She has all the qualifications, existing solely in imagination, her form rising from the archetypal foundations of the psychical sub-stratum of experience. Semi-autonomous, she draws me into her world, reveals to me forms that are infinitely malleable to my will. Meanwhile her brethren invade my own realm to torch the forms I cherish, to torment the living even as they flee from the shadows. And she reveals to me how readily I would escape the world, escape the madness, when my place is still firmly rooted in it.

“It is as Lao Tzu taught us,” she says, “that a man stands most strongly when he has one foot in the outer, and one foot in the inner world.”

If we shut ourselves off from the inner world, it’s excesses will lay waste to the physical, to the world of forms. Its energies exist, whether we believe in them or not, and their natural tendency is to flow into the world, through us, regardless of our will. If they do so, untempered by our communion, the result will be a world always falling to chaos, no matter how carefully or rationally we have built it. If we turn our backs on the physical, sink back into the inner world from whence we came, seek escape in our dreams, we will lose our selves, and our purpose, and all meaning, in its infinite possibilities.

I have betrayed my kind. I have betrayed my self.

“Time to wake up,” she says. “You’ll be late for work.”

And then, as she said to me at the very opening of my story:

“The most vital issue of the age is whether the future progress of humanity is to be governed by the modern economic and materialistic mind of the West or by a nobler pragmatism guided, uplifted and enlightened by spiritual culture and knowledge.”

Sri Aurobindo 1872-1950

So, after all of that, am I any nearer my conclusion?

Don’t count on it.

Thanks for listening.

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man writing - gustave caillebot - 1885They say a writer should always write for the market, in other words write whatever’s selling. Who are “they”? Well, a lot of them are people who write self help books for writers on how to get published. “Study the market”, they say, then sit down and write stories to suit it. And if you’re a naive young writer, trying to narrow the odds of getting published, this appears to make sense. But in reality what’s popular at the moment may not be popular by the time you’ve worked out what it is, and written something similar. If you’re not careful you’ll spend your life chasing your tail, pursuing the mythical golden genre, which is, sadly, a genre you’ll never catch up with.

So, what about now? What’s currently trending? Well, I might have said tales of teen vampires and spankbuster stories. But I suspect I’m wrong because I was never any good at studying the market and, judging by the glut of said spankbuster novels I saw  in the charity shop this weekend, I suspect that genre may already be on the wane. Certainly by the time I wrote one they’d be as passée as sideburns and flared trousers. But, actually, I don’t want to write one, because in writing specifically what I feel someone else wants to read I would not be fulfilling the contract with myself as a writer, and I’d probably dry up after the first chapter. What writing is for me, is finding the button which, once clicked, the writing writes itself while I sit back and am entertained, intrigued, informed and healed by the words that appear under my fingers. This is not writing for the market, or with a view  to publishing. It’s writing for myself, and it’s the most satisfying kind of writing there is.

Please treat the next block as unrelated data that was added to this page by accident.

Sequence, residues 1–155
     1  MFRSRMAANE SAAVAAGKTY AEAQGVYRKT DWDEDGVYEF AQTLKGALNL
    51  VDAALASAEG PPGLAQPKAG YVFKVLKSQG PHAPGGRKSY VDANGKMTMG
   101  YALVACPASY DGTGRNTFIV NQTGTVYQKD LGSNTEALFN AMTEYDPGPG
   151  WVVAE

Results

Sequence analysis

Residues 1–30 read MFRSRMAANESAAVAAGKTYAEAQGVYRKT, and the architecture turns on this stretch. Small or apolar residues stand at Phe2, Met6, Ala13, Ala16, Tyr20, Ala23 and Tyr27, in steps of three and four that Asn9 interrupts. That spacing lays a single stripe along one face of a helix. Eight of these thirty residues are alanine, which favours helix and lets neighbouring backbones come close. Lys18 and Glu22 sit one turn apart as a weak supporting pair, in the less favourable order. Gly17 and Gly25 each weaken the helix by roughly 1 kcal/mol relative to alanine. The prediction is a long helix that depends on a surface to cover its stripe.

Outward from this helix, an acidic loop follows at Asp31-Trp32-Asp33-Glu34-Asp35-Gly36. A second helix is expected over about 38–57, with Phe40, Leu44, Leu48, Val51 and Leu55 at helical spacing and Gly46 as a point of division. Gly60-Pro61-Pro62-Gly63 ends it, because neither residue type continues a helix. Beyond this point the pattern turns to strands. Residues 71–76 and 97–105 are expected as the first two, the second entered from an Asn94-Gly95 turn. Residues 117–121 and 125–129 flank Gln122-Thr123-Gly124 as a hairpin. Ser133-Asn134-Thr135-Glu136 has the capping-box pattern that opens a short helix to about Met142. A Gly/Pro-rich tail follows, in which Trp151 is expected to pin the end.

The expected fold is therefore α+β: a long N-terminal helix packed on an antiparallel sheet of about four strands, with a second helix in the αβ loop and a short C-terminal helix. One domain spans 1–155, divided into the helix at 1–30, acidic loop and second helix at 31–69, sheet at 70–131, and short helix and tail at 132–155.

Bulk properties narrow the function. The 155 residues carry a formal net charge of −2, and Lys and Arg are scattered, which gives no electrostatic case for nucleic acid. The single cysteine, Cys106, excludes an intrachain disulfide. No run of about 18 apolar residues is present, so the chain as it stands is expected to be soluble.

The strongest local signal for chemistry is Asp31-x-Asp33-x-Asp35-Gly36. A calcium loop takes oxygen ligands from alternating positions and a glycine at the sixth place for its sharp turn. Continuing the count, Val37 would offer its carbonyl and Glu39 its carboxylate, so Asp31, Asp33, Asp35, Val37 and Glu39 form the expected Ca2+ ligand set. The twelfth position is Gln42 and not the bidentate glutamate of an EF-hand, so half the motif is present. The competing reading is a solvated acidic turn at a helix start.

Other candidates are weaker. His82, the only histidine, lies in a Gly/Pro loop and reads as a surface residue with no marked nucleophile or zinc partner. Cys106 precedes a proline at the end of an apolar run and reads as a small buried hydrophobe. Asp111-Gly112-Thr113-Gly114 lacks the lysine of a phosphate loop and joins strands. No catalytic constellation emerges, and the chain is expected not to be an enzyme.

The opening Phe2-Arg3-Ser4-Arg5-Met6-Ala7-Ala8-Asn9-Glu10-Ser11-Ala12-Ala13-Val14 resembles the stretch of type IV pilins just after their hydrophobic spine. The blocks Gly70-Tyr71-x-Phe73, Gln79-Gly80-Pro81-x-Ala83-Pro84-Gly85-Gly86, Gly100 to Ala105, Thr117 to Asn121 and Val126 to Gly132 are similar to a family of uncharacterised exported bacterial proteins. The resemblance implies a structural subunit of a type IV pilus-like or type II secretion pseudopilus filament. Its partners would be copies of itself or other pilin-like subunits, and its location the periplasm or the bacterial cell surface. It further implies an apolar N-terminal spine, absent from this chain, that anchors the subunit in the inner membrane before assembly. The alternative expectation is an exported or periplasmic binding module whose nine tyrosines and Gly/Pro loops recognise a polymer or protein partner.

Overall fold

It is not the writer, but the unconscious imagination that delivers this miracle, and what it delivers may not always be popular, commercially lucrative, nor even intelligible to another human being. I write what I write, but if no one else is interested in it, that’s not sufficient reason for me to stop writing. We write best when we write what pours most naturally out of us, otherwise it’s like telling someone what we think they want to hear; it maintains the status quo, but it never moves things on. So, throw away that self help book; do not write for the market; write what you want to write; be a warrior-writer, an explorer of the unknown. This way the more fortunate of you will be the ones who hit upon the next big thing, discovering the new killer-genre that a generation of self-help hopefuls will try to copy.

And the publishers will suddenly love you.

Of course the majority of you who set off down this path, will never find a publisher, your genres will always be too obscure, and eventually your tales will wind up in the commercial wasteland of the online world where they will wander in perpetuity like lost souls. But again, that’s not sufficient reason to stop writing, especially since now you will find readers, unlike in the pre online days when you would not.

The imagination is an infinite resource, but not one to be mined as if for gold, more for that which wants to see the light of day. This is where the stories are born and where they grow. The writer sets them down, for himself first, then for others. But the imagination does not work in neat genre folders. It is what it is, and what comes out of it is as unique as the teller of the story.

In the psychology of Jung, there is a natural creative tension between the conscious mind and the unconscious. We do not know what lies in the unconscious, but throughout our lives its contents, which are hinted at in dreams and snatches of imagination, press for acceptance, to be assimilated into conscious awareness. Reluctance to deal with the unconscious results in mental illness and a seriously unbalanced life. On the other hand, directly courting its contents through the written word can give us the appearance of being mentally ill, when actually what we’re achieving is a better balance.